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San Diego Zoo Global Library staff is currently working to populate this repository. Please feel welcome to contact us with questions or comments.

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  • Institute for Conservation Research

    Peer reviewed and scientific works by SDZG's Institute for Conservation Research staff. Includes books, book sections, articles and conference publications and presentations.

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  • SDZG Research Publications

    Peer reviewed and scientific works by San Diego Zoo Global staff. Includes books, book sections, articles and conference publications and presentations.

Recent Submissions

  • Crowned sifaka (Propithecus coronatus). The IUCN Red List of Threatened Species 2020

    Razafindramanana, J.; Salmona, J.; King, T.; Roullet, D.; Eppley, Timothy M.; Sgarlata, G.M.; Schwitzer, C. (2020)
    Listed as Critically Endangered as the species is suspected to have undergone a population decline of greater than or equal to 80% over a period of 30 years (three generations), due primarily to observed continuing decline in area, extent and quality of habitat from burning of forests to provide pasture for livestock and logging for charcoal production, in addition to exploitation through unsustainable hunting pressure. These causes have not ceased, and will to a large extent not be easily reversible. Given the likely continuing population decline, the species has been uplisted to Critically Endangered.
  • Mongoose lemur (Eulemur mongoz). The IUCN Red List of Threatened Species 2020

    Razafindramanana, J.; Eppley, Timothy M.; Rakotondrabe, R.; Roullet, D.; Irwin, M; King, T. (2020)
    There is a suspected population reduction of greater than or equal to 80% in this species over a three generation period (estimating the generation length to be 8 years). This time period includes both the past and the future. Causes of this reduction (which have not ceased) include continuing decline in area (through deforestation), extent and quality of habitat (selective logging), and exploitation through unsustainable levels of hunting. Furthermore, Eulemur mongoz has undergone hybridization with E. rufus in Western Betsiboka. Based on these premises, the species is listed as Critically Endangered.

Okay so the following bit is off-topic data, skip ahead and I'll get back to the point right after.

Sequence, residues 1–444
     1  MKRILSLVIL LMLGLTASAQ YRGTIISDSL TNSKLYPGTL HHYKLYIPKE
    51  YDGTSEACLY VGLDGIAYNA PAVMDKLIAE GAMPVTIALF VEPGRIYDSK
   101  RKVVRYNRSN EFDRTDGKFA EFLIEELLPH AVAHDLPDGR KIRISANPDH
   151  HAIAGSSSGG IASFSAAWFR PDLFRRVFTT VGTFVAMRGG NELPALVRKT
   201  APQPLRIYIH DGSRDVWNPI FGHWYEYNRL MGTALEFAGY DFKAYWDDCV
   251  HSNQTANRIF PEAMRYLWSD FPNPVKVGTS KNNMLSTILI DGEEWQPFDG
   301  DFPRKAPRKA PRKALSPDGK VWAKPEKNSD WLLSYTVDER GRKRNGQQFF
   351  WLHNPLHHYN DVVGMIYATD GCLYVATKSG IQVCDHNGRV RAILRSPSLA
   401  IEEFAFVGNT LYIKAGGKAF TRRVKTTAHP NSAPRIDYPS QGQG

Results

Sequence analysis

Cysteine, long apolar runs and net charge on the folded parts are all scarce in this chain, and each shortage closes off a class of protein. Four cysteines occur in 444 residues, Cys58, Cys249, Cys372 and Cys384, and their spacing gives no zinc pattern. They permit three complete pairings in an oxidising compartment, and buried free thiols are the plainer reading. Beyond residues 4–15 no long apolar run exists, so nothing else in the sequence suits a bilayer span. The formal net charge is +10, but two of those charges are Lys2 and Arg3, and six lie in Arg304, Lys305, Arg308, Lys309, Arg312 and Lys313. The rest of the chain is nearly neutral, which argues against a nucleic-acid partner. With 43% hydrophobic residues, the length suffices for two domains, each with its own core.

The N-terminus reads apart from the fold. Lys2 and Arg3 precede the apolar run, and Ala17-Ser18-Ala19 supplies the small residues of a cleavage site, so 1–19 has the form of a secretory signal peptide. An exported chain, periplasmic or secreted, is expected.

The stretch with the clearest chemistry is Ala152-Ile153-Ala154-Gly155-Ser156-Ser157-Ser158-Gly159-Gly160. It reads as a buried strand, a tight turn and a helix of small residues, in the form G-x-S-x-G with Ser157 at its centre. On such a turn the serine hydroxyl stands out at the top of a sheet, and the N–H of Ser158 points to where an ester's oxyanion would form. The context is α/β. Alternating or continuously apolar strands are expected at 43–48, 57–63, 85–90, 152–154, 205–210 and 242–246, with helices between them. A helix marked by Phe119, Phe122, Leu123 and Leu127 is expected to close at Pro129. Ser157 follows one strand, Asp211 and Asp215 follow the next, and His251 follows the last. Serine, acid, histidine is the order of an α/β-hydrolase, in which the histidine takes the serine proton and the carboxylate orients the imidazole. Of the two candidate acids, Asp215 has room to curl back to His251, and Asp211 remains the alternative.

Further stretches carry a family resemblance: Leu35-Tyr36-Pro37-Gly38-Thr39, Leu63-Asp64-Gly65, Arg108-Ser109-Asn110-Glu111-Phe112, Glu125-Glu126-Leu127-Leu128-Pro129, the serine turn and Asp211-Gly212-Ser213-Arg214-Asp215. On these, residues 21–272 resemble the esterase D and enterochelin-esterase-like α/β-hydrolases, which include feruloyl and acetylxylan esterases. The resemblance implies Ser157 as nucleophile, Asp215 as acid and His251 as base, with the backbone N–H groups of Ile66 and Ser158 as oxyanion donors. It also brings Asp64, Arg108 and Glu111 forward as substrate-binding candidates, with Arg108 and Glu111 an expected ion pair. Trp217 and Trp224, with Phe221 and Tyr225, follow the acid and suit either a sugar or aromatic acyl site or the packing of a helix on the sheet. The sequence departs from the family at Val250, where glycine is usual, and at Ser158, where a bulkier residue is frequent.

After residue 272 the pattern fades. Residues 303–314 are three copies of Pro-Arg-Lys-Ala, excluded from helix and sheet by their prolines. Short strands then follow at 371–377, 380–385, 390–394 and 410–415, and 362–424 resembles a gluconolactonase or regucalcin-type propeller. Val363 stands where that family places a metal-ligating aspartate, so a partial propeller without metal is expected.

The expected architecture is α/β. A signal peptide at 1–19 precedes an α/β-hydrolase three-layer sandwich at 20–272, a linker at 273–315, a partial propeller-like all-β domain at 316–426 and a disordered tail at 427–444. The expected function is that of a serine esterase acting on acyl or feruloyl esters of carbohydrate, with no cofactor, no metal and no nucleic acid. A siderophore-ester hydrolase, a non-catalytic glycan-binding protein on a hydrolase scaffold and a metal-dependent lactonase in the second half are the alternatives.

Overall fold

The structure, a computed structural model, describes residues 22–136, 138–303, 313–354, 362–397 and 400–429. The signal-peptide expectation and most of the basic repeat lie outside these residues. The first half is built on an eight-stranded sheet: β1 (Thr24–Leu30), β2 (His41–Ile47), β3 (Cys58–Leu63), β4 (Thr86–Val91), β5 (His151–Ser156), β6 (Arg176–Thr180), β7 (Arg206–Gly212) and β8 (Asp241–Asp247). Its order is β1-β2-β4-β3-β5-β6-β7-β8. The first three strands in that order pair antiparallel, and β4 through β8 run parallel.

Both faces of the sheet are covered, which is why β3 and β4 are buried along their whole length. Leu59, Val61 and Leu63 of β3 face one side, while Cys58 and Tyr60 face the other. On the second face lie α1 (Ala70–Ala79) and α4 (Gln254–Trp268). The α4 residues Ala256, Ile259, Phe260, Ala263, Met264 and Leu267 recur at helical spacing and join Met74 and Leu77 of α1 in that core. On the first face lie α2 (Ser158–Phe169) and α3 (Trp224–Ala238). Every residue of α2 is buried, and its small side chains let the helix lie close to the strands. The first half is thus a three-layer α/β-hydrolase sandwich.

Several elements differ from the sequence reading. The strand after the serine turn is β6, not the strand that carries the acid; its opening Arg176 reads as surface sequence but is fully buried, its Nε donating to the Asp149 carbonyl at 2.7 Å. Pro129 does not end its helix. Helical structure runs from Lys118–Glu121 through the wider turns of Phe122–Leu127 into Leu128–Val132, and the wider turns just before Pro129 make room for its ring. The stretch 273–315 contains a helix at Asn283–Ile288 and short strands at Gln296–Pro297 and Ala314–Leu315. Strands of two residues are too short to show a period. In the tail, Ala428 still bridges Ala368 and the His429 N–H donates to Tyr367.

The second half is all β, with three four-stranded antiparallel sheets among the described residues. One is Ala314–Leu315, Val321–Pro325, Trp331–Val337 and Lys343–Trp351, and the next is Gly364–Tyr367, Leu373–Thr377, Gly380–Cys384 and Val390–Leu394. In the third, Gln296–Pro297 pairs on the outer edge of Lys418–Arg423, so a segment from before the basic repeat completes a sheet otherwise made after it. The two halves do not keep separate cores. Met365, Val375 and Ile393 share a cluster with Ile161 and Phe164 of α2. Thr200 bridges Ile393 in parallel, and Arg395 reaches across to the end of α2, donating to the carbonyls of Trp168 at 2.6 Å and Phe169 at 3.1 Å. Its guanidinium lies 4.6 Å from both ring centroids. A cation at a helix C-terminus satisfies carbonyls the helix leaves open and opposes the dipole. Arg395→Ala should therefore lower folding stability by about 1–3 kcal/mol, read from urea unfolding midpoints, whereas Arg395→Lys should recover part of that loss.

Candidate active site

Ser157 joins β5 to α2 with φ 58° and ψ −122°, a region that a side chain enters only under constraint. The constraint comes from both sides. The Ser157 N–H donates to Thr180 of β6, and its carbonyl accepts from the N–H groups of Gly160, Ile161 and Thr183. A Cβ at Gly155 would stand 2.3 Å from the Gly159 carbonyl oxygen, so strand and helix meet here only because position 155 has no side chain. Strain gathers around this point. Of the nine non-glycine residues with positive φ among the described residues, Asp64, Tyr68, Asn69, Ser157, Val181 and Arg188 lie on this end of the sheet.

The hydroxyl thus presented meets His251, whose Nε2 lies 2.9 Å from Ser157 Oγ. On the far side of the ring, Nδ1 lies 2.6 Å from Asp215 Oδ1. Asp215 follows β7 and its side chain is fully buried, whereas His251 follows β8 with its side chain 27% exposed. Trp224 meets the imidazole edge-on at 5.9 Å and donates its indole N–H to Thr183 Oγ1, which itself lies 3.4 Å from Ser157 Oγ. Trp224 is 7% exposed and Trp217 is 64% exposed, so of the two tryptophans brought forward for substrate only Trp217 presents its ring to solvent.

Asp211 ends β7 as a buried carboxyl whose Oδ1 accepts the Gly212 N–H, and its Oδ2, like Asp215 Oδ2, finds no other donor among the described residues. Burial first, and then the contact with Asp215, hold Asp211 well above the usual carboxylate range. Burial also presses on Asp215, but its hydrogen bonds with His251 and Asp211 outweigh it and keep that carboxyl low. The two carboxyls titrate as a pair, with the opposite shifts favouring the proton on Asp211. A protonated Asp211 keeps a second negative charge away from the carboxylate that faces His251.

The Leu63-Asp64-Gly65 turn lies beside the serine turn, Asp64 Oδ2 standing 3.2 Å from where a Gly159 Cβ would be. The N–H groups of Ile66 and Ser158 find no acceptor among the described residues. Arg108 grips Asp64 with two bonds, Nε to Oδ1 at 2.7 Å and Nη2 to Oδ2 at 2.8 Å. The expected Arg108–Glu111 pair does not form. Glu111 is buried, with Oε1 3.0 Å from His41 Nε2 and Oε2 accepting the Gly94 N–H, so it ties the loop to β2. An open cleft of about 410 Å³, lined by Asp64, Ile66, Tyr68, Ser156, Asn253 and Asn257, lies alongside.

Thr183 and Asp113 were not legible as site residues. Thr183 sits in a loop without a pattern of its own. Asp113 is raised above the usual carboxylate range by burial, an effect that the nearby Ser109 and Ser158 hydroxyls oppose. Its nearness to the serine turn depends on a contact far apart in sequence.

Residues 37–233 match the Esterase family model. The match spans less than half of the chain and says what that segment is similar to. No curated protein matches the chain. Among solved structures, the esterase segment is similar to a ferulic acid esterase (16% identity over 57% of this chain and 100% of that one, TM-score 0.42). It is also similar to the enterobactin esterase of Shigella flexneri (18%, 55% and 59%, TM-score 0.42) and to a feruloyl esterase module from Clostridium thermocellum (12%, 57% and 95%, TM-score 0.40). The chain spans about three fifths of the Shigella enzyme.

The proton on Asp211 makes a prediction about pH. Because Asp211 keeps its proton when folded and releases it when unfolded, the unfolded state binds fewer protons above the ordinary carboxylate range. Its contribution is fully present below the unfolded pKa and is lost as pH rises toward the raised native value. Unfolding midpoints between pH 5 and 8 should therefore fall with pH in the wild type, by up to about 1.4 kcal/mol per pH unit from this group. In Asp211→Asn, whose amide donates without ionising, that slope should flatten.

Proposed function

• Crowned lemur (Eulemur coronatus). The IUCN Red List of Threatened Species 2020

    Reuter, K.E; Eppley, Timothy M.; Hending, D; Pacifici, M; Semel, B.; Zaonarivelo, J. (2020)
    A population reduction of greater than or equal to 50% is suspected to be met in the future over a time period of 25 years (three generations based on an 8.4-year generation time, Pacifici et al. 2013). This is based on a continuing decline in area, extent and quality of habitat, in addition to exploitation through unsustainable hunting pressure. Based on these premises, the species is listed as Endangered.
  • Alaotra reed lemur (Hapalemur alaotrensis). The IUCN Red List of Threatened Species 2020

    Ralainasolo, F.B; Raveloarimalala, M.L; Randrianasolo, H.; Reuter, K.E; Heriniaina, R; Clarke, T; Ravaloharimanitra, M.; Volampeno, S.; Donati, G; Razafindramanana, J.; et al. (2020)
    Listed as Critically Endangered as the species has been observed to have undergone a population reduction of greater than or equal to 80% over a period of 27 years (three generations), due primarily to continuing decline in area, extent and quality of habitat, in addition to exploitation through unsustainable hunting pressure. These causes have not ceased, and will to a large extent not be easily reversible.
  • Red brown lemur (Eulemur rufus). The IUCN Red List of Threatened Species 2020

    Razafindramanana, J.; Eppley, Timothy M.; Rakotondrabe, R.; Rakotoarisoa, A.A.; Ravaloharimanitra, M.; King, T. (2020)
    There is a suspected population reduction of greater than or equal to 30% in this species over a three generation period (estimating the generation length to be 8 years). This time period includes both the past and the future. Causes of this reduction (which have not ceased) include continuing decline in area, extent and quality of habitat, and exploitation through unsustainable levels of hunting. Based on these premises, the species is listed as Vulnerable.
  • Sambirano lesser bamboo lemur (Hapalemur occidentalis). The IUCN Red List of Threatened Species 2020

    Eppley, Timothy M.; Razafindramanana, J.; Borgerson, C.; Patel, E.; Louis, E.E. (2020)
    Listed as Vulnerable as the species is suspected to have undergone a population decline of greater than or equal to 30% over a period of 24 years (three generations), due primarily to continuing decline in the area, extent and quality of habitat, in addition to exploitation through unsustainable hunting pressure. These causes have not ceased, and will to a large extent not be easily reversible.
  • Ganzhorna's mouse lemur (Microcebus ganzhorni). The IUCN Red List of Threatened Species 2020